Hurricane Sandy was far from a direct hit from us and we were lucky to have escaped most of the destruction; not so for the H.M.S. Bounty.
My thoughts are with the crew members; survivors and those who were lost, and their families.
I have an immense love for tall ships; deep down inside I am a true romantic. I grew up in the deserts and mountains of New Mexico and did not move to the Ocean State until I was 36, so it hasn’t been a very long relationship. The first time I ever saw a tall ship was when a fleet of them came to visit Newport in 2007. Ever since then, I have devoured Patrick O’Brian novels, watched all the Pirates of the Caribbean umpteen times, visited the USS Providence berthed in Newport and built here in Portsmouth. I get this thrill in my chest and I break out in goosebumps whenever I see a tall ship.
This is one of my favorite poems:
I must down to the seas again, to the lonely sea and the sky,
And all I ask is a tall ship and a star to steer her by,
And the wheel’s kick and the wind’s song and the white sail’s shaking,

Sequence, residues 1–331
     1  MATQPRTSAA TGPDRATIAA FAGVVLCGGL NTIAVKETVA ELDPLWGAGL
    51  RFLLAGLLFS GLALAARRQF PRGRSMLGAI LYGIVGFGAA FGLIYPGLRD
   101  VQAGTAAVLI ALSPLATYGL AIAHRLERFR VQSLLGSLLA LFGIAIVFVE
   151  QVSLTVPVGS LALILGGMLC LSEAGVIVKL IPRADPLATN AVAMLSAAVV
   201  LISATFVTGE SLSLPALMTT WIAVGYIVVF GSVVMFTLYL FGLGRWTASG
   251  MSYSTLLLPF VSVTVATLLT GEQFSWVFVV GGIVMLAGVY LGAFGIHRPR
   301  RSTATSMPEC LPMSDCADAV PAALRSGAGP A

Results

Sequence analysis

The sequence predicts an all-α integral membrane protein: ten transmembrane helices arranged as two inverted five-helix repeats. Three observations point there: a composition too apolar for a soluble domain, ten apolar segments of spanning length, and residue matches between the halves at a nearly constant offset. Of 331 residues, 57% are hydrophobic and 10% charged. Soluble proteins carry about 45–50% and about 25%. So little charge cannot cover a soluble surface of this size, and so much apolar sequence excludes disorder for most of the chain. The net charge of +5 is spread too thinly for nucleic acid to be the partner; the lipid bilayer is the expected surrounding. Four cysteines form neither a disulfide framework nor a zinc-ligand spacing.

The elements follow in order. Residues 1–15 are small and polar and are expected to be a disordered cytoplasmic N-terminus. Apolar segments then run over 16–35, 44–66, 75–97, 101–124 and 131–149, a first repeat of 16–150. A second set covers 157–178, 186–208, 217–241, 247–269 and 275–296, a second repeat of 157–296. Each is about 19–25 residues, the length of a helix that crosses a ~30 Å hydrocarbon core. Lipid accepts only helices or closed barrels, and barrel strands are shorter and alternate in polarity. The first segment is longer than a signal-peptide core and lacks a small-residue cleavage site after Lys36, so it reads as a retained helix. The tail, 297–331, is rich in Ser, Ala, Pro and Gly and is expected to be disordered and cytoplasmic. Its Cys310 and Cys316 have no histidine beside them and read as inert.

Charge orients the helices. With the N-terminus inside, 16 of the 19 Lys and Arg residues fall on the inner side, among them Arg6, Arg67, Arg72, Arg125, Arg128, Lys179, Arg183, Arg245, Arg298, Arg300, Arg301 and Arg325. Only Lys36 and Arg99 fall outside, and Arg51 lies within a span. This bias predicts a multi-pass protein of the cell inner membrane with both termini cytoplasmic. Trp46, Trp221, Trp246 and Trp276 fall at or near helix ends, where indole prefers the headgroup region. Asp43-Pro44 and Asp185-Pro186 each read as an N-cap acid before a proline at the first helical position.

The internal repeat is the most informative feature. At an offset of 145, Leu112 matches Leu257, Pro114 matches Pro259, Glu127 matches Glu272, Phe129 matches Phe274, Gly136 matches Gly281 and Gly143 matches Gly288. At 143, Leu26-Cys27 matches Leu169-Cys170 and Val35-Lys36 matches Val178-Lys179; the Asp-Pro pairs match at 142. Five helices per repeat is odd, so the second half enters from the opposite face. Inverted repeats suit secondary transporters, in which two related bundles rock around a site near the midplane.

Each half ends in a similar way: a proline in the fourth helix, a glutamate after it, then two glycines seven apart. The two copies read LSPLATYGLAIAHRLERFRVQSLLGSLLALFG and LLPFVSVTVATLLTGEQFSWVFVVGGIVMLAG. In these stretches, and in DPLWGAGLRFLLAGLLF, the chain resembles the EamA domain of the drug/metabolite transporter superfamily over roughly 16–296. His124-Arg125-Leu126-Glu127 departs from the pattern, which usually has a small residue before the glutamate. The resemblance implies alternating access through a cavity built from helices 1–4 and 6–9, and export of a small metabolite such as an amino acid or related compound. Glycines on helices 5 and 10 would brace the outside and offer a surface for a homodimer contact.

And a grey mist on the sea’s face, and a grey dawn breaking.
I must down to the seas again, for the call of the running tide
Is a wild call and a clear call that may not be denied;
And all I ask is a windy day with the white clouds flying,
And the flung spray and the blown spume, and the sea-gulls crying.
I must down to the seas again, to the vagrant gypsy life,
To the gull’s way and the whale’s way where the wind’s like a whetted knife;
And all I ask is a merry yarn from a laughing fellow-rover
And quiet sleep and a sweet dream when the long trick’s over.
By John Masefield (1878-1967).
When the Tall Ships came back for a visit this summer, a friend of mine asked me to bring a care package to her brother. He was second mate aboard the H.M.S. Bounty- the one ship I was most excited to see (the square riggers are my favorite)! We met him and many of the crew. He was very kind and offered to give us a personal tour of the ship, but as we could see he was very busy, we declined and just toured her ourselves.
I didn’t hear about her troubles until Monday when my friend posted that she was worried about her brother and the crew- and ever since then I can’t stop thinking about them. My eyes are welling up as I write this. And yes, I am crying for the crew, the horrible ordeal they suffered, and the friends and families of the crew member who perished, and the captain who was lost at sea. But I’m also crying for that beautiful, beautiful ship and I tell myself it’s just a boat. Yes, I am grateful for the survivors and for their heroic rescue by the US Coast Guard! Still, I can’t help but mourn the loss of this ship.
This is how I will remember her: